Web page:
However, I think those that are likely most prone to melancholy after quitting maladaptive daydreaming are those who began maladaptive daydreaming as an escape or a retreat from their real life circumstances.
For example, someone that hates their job could start maladaptive daydreaming because it provides them the ability, for a brief period of time, to be detached from their real life circumstances.
But when this person overcomes their maladaptive daydreams and is then faced with more spare time throughout the day, it’s natural for them to shudder at having to think about their real life circumstances more often (the entire rationale behind them engaging in their maladaptive daydreams was to avoid thinking about them!).
In this case it’s imperative that this person tries to find some alternative to maladaptive daydreaming to augment the amount of time they spend in their own head and thinking about themselves – this could range from doing something productive like reading a book to something that isn’t productive, but is merely a diversion, such as playing video games.
Either way, the alternative to maladaptive daydreaming that one chooses to engage in will be less likely to so fully consume them as their maladaptive daydreams have – and that’s the real benefit. Maladaptive daydreams are not only empty calories, but they have a way of so clogging up your mind that there’s little space to think about anything other than them – and this leads to the sense of overwhelm that many maladaptive daydreamers report because so much of the small pockets of their day, when they’re between tasks or doing chores around the house, are spent consumed in a completely different world.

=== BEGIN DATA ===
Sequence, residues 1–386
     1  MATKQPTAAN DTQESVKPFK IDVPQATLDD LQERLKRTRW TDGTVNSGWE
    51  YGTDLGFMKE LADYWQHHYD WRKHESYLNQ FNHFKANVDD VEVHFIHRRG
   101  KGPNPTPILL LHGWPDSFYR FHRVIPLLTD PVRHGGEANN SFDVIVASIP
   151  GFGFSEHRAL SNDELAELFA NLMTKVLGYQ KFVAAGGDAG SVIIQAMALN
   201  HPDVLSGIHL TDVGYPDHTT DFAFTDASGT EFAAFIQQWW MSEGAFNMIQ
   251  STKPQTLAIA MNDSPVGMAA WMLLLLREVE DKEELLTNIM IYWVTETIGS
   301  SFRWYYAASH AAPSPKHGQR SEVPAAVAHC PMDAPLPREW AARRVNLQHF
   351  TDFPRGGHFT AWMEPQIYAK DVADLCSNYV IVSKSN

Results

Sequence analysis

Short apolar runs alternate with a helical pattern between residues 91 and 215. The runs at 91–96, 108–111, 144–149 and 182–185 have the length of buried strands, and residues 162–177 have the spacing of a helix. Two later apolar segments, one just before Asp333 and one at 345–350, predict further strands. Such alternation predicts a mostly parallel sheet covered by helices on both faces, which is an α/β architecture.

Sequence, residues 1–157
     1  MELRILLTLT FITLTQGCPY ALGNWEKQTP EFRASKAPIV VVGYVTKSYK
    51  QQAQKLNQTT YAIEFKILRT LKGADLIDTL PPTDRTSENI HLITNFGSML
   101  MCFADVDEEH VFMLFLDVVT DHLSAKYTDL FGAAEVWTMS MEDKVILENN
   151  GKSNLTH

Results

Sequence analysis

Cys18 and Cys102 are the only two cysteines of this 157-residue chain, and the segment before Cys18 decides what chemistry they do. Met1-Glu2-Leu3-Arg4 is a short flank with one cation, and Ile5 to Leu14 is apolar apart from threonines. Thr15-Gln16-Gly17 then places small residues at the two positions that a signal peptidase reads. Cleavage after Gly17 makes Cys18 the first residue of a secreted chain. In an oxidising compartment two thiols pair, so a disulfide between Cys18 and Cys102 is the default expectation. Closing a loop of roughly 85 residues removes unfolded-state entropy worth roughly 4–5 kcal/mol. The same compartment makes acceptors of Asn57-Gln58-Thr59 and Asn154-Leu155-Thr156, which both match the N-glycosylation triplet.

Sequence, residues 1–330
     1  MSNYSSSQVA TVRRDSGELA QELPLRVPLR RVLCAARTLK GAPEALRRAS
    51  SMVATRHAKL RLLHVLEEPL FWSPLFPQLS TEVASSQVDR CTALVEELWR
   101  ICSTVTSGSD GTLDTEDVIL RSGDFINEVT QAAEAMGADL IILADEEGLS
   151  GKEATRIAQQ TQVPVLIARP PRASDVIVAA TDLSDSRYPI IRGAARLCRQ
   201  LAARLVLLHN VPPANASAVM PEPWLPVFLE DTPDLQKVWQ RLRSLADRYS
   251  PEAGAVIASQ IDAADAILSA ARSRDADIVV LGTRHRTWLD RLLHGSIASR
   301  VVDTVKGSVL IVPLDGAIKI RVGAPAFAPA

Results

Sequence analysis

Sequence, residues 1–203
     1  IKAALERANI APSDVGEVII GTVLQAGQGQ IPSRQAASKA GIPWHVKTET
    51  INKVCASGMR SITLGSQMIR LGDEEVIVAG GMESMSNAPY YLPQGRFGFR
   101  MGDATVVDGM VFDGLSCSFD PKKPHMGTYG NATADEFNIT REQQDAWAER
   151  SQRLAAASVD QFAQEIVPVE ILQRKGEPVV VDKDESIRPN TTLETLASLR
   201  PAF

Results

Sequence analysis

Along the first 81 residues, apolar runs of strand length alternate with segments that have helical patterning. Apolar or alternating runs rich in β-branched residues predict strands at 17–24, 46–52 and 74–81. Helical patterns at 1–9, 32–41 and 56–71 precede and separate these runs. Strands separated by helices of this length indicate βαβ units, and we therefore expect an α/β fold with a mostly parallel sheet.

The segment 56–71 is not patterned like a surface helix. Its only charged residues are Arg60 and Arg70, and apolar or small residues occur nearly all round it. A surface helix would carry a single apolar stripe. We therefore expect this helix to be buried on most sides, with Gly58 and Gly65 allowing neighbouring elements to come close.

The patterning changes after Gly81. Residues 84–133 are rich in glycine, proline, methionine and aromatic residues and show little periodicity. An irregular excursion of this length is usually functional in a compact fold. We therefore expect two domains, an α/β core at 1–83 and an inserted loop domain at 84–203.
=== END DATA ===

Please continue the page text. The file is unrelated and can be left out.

However, an alternative to maladaptive daydreaming that’s used – whether it be reading a book or playing a video game – doesn’t fill in these pockets of spare time throughout the day in the same way. And this is why so many report their sense of overwhelm or anxiety lifting from them when their maladaptive daydreams end: suddenly there are periods of the day when, even for a few minutes, they aren’t thinking about anything (as opposed to always thinking about something).
This is a shorter post than normal, but it struck me as an important post to add because this period of melancholy does hit many that have successfully squashed their maladaptive daydreams. And I think this kind of uneasy feeling takes many by surprise and makes some more apt to start reengaging with their maladaptive daydreams.
In the end, time heals all wounds and the sense of melancholy does go away (it did for me in a few weeks). There’s no doubt that it can be a bit unsettling to feel a tinge of sadness, or something like sadness, after overcoming your maladaptive daydreams. However, it seems to me as being a somewhat rational response: something that you’ve engaged countless hours in is suddenly not being engaged in at all, so it’s natural that something feels amiss in those first few weeks as your life is a bit less “full” than before.
But the beauty of overcoming your maladaptive daydreams is that it’s an opportunity to begin filling in all this newfound time with more useful, or at least not destructive, things – ones that, looking back a few years from now, you won’t regret having spent time on.